CSUS Faculty Spotlight: Lissy Goralnik
Dr. Lissy Goralnik shares her exciting journey to CSUS and how her field of study found her.
Department of Community Sustainability
What year did you join MSU?:
January 2017 as faculty
Jan 2012- May 2013 as a Visiting Assistant Professor in Lyman Briggs College
Fall 2007 – December 2011 for my PhD
Educational Background (undergraduate and graduate program):
Stanford University, BA English
University of Idaho, MFA Creative Writing
Michigan State University, PhD Fisheries and Wildlife
Oregon State University, Postdoctoral Scholar, Forest Ecosystems and Society
St. Louis, Missouri
Field of study or area of interest:
I’m a qualitative social scientist and work at the intersection of experiential learning, environmental ethics, and community engagement, with a particular focus on place relationships. I’m interested in the ways that connections to place - the sentimental, practical, psychological, and social meaning that places hold - catalyze care and responsibility for landscapes, communities, and the interplay between them. I work across several sustainability and conservation contexts, including urban agriculture, environmental education, natural resources restoration, community development, and art-science integration.
Why did you choose to pursue your area of interest or field of study?
I suppose it found me. I was an English major in college and spent my summers in the mountains, then after college moved to a mountain town where I focused on building my outdoor resume. After that I moved to San Francisco and worked as a naturalist with school groups during the year and led wilderness leadership courses in the summer out West. It was great, but I missed writing, so I took a night class, then went back to school for creative writing in Idaho. There I tried to bring my outdoor life into my writing classroom through the books we read, and writing life into the field by sharing poetry on my courses. But I was forcing it, and I realized that to tell the kinds of stories I wanted, I needed more science. So I went back to school. For my PhD I developed a field course in Isle Royale National Park, which bridged place-based ecology, environmental ethics, and nature writing. Essentially, I was studying the impacts of place-based interdisciplinary engagement on stewardship and care for the natural world. And that’s been the core of my work ever since. I still write a bit of nonfiction, but my creative life primarily informs my work with artists and writers in the field now. During my postdoc I began studying arts and humanities integration at ecological field sites and visited a program in Fairbanks, Alaska, where I met my collaborator, Mary Beth Leigh. Neither of us knew then how impactful that trip would be. But here we are, a decade later. We now co-facilitate the Fairbanks program, have a long-running research partnership, and consult for other programs.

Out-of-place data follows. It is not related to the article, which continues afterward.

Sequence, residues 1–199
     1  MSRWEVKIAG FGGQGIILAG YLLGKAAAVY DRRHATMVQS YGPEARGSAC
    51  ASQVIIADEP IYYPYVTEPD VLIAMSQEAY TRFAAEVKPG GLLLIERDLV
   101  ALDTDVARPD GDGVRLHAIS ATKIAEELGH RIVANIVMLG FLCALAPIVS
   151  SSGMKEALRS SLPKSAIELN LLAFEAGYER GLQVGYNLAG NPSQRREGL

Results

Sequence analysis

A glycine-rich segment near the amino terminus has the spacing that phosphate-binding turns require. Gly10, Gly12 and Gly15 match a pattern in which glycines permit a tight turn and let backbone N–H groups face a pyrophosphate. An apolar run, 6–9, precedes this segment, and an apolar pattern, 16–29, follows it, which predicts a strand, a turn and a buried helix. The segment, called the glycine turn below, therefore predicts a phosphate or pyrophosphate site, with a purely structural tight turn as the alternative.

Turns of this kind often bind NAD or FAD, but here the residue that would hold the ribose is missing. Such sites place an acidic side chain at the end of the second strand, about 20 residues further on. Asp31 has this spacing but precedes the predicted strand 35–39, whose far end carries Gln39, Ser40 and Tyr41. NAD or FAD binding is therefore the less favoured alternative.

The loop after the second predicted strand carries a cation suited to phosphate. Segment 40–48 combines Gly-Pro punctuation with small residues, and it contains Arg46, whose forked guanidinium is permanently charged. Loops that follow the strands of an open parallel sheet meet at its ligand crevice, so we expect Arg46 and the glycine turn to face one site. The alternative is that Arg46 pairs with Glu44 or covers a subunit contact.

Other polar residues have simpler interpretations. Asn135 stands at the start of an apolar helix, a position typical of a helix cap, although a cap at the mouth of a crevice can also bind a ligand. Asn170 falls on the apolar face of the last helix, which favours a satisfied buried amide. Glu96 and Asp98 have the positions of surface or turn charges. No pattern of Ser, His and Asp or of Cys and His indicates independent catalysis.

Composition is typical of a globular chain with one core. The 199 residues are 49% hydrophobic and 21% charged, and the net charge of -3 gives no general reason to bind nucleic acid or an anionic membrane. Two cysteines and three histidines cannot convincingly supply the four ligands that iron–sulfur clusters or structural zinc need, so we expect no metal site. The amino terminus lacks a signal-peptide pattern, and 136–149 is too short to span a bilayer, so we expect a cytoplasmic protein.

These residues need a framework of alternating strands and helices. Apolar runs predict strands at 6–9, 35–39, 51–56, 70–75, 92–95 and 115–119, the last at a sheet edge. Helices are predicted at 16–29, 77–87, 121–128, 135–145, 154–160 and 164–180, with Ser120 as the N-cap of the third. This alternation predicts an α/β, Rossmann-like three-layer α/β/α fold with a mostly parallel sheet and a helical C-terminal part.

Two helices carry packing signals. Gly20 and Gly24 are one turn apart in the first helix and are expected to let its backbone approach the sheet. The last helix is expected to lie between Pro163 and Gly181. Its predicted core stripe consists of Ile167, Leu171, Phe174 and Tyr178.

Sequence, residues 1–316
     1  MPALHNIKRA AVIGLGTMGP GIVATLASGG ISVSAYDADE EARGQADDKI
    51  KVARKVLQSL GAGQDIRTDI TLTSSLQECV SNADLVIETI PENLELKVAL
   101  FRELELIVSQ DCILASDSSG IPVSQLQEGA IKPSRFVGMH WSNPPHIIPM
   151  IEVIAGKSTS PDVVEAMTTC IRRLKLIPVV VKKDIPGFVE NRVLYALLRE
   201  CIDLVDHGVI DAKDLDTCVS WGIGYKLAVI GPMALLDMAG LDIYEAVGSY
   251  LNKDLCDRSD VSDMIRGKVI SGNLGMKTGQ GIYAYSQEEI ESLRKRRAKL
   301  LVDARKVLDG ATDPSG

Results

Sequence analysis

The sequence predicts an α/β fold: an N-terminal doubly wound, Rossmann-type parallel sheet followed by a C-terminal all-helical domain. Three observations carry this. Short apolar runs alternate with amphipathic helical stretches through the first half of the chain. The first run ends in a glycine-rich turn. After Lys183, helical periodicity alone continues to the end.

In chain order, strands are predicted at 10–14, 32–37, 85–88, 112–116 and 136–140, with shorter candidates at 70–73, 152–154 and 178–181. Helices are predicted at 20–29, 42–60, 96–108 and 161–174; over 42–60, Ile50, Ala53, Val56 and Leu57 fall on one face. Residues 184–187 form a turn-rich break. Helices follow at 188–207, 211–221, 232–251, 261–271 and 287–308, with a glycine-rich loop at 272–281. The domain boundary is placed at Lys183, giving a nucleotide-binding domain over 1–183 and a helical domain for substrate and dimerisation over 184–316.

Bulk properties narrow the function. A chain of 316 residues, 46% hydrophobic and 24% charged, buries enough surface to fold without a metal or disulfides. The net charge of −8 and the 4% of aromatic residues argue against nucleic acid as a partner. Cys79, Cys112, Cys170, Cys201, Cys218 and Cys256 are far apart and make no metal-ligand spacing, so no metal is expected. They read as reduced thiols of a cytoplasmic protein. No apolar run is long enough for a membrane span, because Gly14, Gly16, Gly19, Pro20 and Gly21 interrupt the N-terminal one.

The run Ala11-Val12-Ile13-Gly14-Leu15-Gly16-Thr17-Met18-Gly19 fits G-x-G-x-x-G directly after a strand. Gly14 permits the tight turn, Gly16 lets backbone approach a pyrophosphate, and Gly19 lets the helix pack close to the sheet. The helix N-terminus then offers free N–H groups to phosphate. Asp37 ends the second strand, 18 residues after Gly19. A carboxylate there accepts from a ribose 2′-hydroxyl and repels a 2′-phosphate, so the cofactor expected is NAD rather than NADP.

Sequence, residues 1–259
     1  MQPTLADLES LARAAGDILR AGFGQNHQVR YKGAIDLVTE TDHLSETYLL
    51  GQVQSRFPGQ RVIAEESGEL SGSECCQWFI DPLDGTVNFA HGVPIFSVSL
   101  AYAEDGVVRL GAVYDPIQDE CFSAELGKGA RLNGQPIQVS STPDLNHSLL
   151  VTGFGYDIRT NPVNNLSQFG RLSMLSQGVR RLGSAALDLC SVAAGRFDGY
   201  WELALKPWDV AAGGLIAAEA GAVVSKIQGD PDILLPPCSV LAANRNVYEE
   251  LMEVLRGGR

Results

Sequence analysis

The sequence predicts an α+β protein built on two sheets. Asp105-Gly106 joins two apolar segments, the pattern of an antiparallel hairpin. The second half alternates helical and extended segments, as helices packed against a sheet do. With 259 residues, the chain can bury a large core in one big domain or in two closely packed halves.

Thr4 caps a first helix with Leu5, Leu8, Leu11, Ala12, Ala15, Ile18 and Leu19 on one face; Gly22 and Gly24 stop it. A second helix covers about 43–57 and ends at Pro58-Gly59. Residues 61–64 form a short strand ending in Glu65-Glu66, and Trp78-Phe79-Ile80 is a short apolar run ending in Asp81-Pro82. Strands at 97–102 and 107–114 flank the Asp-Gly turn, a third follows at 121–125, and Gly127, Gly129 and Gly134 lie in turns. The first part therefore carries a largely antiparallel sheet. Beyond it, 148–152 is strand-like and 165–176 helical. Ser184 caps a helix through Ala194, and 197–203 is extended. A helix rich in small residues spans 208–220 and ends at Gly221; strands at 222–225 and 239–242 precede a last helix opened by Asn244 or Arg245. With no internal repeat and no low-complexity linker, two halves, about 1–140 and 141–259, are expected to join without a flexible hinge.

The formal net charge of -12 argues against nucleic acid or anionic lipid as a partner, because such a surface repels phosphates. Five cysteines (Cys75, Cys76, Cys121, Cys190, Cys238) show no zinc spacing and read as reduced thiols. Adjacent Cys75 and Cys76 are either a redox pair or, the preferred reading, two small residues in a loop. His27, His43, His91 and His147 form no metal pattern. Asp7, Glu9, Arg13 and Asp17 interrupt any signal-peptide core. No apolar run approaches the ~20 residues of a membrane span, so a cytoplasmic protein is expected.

What is one exciting thing you’re currently working on?
I work with the Long-Term Ecological Research (LTER) network to explore the integration of arts and humanities at ecological field stations. I study why creative work has emerged at these science-focused sites, what it contributes to the work at the sites, and the nature of place-based interdisciplinary dynamics. Most of my recent work is with program I co-facilitate in Fairbanks, Alaska, called In a Time of Change. It’s affiliated with the Bonanza Creek LTER site and the University of Alaska Institute for Arctic Biology. Through yearlong art-science residencies that explore themes related to the far North (boreal forest dynamics, climate change, fire), we investigate how place experience impacts artists’ understanding of place-based science, perception of the scientific process, and creative process. We also host touring exhibits of the art-science work the residents create, and at these events we investigate the ways art-science exhibits impact audience attitudes about science, place relationships, and emotional engagement with environmental issues. Our last show opened to an audience of several thousand in fall 2022 at Arctic Fest, a new biennial art, science, Indigenous knowledge, and innovation festival in Fairbanks my colleagues started. The exhibit is currently touring Alaska through 2025, and we will collect audience surveys at each show. I interviewed participating artists and scientists during Arctic Fest, which I’ll write about this fall, and we’re working on a book about the program that will launch in fall 2024 at the next Arctic Fest.